Do operators really care?

We all understand the need to make a profit. But a profit at all costs? That doesn’t seem morally right…

Good mileage and price are the two single biggest factors influencing tyre purchases by commercial operators during these tough economic times. But what about road safety? It appears as if they don’t give a hoot.

This much has emerged from careful analysis of research conducted prior to the announcement of the FOCUS on Excellence Awards winners. Sponsored by WesBank, this annual competition rewards excellence within the transport industry.

The finalists in the Best Tyre category in the FOCUS on Excellence Awards were Bridgestone, Dunlop, Firestone, Goodyear and Michelin; and the award went to Bridgestone for the second consecutive year.

Prior to the announcement of the finalists, our research team from Scott Byers conducts thousands upon thousands of interviews. A whopping 61 553 questions were posed to transport operators last year, for instance.

In previous years, the research was limited to establishing which brands and/or companies were considered best. However, for the first time, we decided to probe further. We decided to investigate preference and, hence, buying patterns. Why does a company choose one tyre over another, for instance?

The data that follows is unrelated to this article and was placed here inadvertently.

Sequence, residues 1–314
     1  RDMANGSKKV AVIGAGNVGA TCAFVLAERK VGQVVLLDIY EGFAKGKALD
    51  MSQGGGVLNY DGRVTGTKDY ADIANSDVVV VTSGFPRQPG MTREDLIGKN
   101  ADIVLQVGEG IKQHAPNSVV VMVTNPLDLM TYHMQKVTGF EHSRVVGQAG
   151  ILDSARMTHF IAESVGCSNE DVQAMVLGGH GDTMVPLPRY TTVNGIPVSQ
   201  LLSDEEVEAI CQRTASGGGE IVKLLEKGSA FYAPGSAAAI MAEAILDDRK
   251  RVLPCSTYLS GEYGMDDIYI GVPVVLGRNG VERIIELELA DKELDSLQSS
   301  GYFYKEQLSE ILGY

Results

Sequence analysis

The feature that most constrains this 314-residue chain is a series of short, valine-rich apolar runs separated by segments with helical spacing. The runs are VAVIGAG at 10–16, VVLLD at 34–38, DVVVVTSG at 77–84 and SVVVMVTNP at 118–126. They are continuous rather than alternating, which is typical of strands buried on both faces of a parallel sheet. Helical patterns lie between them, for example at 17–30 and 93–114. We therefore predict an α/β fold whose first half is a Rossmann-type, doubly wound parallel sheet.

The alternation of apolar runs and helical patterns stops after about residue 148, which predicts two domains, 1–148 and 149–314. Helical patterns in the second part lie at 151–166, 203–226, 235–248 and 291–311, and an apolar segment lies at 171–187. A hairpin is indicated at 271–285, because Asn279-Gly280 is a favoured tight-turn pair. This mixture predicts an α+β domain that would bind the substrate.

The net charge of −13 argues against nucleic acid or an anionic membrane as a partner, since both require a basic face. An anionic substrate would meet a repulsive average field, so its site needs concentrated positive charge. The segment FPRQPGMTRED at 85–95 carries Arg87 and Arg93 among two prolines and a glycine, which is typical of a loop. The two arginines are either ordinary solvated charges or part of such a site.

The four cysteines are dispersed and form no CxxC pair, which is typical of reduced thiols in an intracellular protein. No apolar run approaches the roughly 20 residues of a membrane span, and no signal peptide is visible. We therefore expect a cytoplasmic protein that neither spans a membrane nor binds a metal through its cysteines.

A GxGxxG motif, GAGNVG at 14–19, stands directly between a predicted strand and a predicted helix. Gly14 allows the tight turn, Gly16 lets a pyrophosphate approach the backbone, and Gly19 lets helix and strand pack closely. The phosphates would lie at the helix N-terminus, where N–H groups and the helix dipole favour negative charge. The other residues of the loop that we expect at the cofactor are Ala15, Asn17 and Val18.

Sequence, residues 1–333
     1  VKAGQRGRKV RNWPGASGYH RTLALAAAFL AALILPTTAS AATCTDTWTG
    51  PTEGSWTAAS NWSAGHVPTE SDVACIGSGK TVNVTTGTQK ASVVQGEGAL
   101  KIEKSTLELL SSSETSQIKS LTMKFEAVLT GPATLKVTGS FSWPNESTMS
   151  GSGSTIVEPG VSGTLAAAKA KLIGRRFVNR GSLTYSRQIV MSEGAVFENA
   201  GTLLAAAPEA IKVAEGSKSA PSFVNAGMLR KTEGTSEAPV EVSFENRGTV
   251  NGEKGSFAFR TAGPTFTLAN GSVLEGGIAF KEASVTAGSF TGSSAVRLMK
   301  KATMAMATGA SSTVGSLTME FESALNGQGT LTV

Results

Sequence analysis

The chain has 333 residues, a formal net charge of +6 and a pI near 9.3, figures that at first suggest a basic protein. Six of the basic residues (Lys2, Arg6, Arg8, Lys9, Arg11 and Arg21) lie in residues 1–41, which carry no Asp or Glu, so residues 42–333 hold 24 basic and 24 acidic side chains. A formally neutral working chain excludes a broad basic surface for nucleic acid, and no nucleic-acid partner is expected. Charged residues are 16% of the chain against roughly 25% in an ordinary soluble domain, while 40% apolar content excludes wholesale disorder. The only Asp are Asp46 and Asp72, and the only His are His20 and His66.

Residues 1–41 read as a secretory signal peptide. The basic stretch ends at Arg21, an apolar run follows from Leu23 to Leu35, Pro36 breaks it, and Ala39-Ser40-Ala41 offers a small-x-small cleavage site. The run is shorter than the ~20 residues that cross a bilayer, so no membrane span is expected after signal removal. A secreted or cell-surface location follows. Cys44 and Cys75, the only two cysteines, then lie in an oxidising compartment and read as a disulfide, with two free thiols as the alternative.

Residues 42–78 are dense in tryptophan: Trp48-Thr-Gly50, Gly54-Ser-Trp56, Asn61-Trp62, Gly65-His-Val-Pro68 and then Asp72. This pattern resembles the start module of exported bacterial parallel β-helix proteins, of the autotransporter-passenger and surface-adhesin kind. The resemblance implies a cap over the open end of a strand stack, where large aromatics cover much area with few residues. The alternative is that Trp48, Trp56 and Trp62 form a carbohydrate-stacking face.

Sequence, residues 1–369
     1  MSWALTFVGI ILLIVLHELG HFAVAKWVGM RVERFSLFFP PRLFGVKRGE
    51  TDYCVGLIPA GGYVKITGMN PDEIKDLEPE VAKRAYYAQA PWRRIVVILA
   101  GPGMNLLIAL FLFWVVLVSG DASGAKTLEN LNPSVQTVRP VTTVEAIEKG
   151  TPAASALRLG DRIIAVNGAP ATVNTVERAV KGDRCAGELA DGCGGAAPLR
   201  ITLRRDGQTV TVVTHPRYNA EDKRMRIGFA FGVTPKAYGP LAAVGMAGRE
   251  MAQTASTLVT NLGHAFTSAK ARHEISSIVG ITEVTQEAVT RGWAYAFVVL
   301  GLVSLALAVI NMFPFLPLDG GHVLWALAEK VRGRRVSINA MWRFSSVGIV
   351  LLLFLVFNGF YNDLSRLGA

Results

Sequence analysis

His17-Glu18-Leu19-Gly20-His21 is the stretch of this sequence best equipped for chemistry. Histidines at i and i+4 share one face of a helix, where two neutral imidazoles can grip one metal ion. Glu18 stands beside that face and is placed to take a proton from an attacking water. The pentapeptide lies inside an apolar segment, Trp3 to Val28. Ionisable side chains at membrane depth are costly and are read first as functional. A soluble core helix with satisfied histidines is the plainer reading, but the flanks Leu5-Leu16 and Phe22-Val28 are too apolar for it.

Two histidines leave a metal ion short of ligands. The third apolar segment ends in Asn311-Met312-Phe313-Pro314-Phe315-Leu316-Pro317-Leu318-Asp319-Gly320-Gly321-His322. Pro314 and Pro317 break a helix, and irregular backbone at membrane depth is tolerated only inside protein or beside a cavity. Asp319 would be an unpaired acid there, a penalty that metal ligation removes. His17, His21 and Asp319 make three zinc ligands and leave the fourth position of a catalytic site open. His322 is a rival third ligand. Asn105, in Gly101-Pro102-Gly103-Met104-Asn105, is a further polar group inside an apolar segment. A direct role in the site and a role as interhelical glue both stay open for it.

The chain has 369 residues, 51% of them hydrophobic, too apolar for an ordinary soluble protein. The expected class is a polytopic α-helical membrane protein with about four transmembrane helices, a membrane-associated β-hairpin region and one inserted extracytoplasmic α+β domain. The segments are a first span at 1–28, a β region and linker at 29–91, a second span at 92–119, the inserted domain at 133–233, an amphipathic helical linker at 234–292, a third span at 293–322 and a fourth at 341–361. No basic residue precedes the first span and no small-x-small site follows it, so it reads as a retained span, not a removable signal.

Alas, I found the results quite disheartening. Good mileage was cited as the number one priority when choosing a tyre brand. Some 50.83% of respondents said it was the most important factor. The second most important factor also came as no surprise: for 22.51% of the respondents, it was price. And I can understand that; tyres are a huge expense, so operators need to get a lot of rubber bang for their buck.

Surprisingly though, only 5.12% of respondents cited cost per kilometre (cpk) as their most important factor. Brand loyalty followed just behind.

And road safety? Fewer than half a percent of respondents said that they took road safety into account when making their tyre choices.

Maybe I’m naïve, but it saddens me that road safety doesn’t seem to play any role at all in an operator’s choice of tyre brand. We all know that tyres are vitally important when it comes to making our roads safer (or more dangerous for that matter). The tyre manufacturers are working hard to get this message across as well, yet operators are quick to ignore such factors when times are tough.

Liana Shaw, editor of Treads magazine, which caters exclusively to the tyre industry, agrees. “These findings are interesting in that they are a reflection of the times,” she comments. “Mileage and price used to rate third or fourth in terms of which brand to buy; but the recession is clearly hitting home, with consumers ever more concerned about price and, most of all, maximising their investment.”

On a more positive front, I was pleased to see mileage beating price. Some respondents even stressed that they would happily pay more for the better mileage some tyre brands offer. Can you imagine the chaos on our roads if price was the number one factor?